5. At best it can be said that the references by the government side to employment rights and the right to trade union representation in this deal are vague - an Employment Agency Regulation Bill is to be published by the end of 2008 but there’s no commitment as to when legislation will actually be passed; there will be a review of the right to trade union representation by March ’09 but again no commitment to actually do anything about it. These are the issues which the trade union side said would be make or break for them but the level of commitment they have got included on any of them is pathetic. Of course the reality is that the right to trade union representation and the protection of employment rights can only be guaranteed if we have a strong and effective trade union movement – one which will force anti-union employers to offer recognition and one which will stand up to attacks on workers’ rights. If there’s one thing that INTO members should know by now as a result of the government’s broken promises on class size it’s that government promises are more often honoured by being broken than by being implemented!

6. As with previous social partnership deals, this deal includes both a no-strike clause and a commitment that there will be no cost increasing claims. At a time of ever-darkening economic forecasts, this is extremely dangerous. We’re basically saying that no matter how much the cost of living goes up or how much our working standards come under attack we won’t advance any ‘cost-increasing’ claims. But of course the same won’t hold true of interest rates or of prices of oil, food, rent, mortgages etc. The cost of them can increase but we can’t look for compensation. And of course we’re expected to ‘co-operate with ongoing change’!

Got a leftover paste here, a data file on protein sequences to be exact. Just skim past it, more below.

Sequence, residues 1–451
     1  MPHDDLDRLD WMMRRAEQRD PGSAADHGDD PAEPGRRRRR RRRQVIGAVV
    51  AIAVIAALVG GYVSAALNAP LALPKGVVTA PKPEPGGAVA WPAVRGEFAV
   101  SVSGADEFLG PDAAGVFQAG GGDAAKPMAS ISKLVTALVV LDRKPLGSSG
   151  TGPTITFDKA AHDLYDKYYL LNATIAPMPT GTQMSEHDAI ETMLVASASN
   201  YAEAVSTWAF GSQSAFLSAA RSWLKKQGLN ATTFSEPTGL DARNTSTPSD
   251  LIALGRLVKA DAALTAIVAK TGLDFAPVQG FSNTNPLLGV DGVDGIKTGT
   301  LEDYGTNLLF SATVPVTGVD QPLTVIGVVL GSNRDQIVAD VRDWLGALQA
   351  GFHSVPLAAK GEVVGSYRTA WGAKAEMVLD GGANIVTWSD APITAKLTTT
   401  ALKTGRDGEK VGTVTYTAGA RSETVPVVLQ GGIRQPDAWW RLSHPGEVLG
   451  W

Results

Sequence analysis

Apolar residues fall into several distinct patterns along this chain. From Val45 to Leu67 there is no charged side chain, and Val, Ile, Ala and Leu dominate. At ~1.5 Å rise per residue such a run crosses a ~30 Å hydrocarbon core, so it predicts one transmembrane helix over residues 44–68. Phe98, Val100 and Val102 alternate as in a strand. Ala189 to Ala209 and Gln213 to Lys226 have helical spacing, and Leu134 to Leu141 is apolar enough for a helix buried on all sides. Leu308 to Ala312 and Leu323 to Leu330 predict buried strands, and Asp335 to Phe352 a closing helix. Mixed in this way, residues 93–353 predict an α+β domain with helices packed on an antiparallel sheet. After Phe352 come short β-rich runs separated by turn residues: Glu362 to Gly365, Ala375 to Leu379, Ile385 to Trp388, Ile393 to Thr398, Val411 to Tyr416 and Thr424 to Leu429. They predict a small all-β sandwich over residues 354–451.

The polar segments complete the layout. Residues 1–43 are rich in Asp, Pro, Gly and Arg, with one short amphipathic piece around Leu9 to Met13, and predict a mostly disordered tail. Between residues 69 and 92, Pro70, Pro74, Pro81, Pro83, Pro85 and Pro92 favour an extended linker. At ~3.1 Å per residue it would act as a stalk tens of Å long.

7. Social partnership deals have never been good for workers or the unemployed. In the initial social partnership deals over 20 years ago we were asked to moderate our wage demands in the interests of economic regeneration. Unfortunately that economic regeneration favoured greatly the better off in society and did nothing to tackle chronic poverty levels. Then throughout the years of the Celtic Tiger we were told that if we continued to moderate our wage demands there would be investment in public services. Well those of us who work in overcrowded classrooms, in rotting prefabs and in an education system which is in the dark ages in terms of Information Technology don’t need reminding that that investment never came in anything like large enough amounts. Neither does anyone who either works in or has been unfortunate enough to have to use our public health system in recent years.

8. It’s clearer than ever in recent weeks just who social partnership is designed to protect. Look how quickly the government moved to use our taxpayers’ money to protect the interests of wealthy bankers and property developers when they feared that they might be in trouble. Compare that to the way in which young workers have been crucified by huge mortgages to fund the massive profits being made by these same developers. And compare it also to the distinct lack of will from government to use the boom years to invest in public services or to tackle institutionalised poverty.

9. As the recession deepens in months to come, we now more than ever need a strong trade union movement capable of standing up for our rights. Voting against this partnership deal won’t in itself bring this about. But it would be a first step in us delivering a message to government that we can’t be pushed around and taken for fools.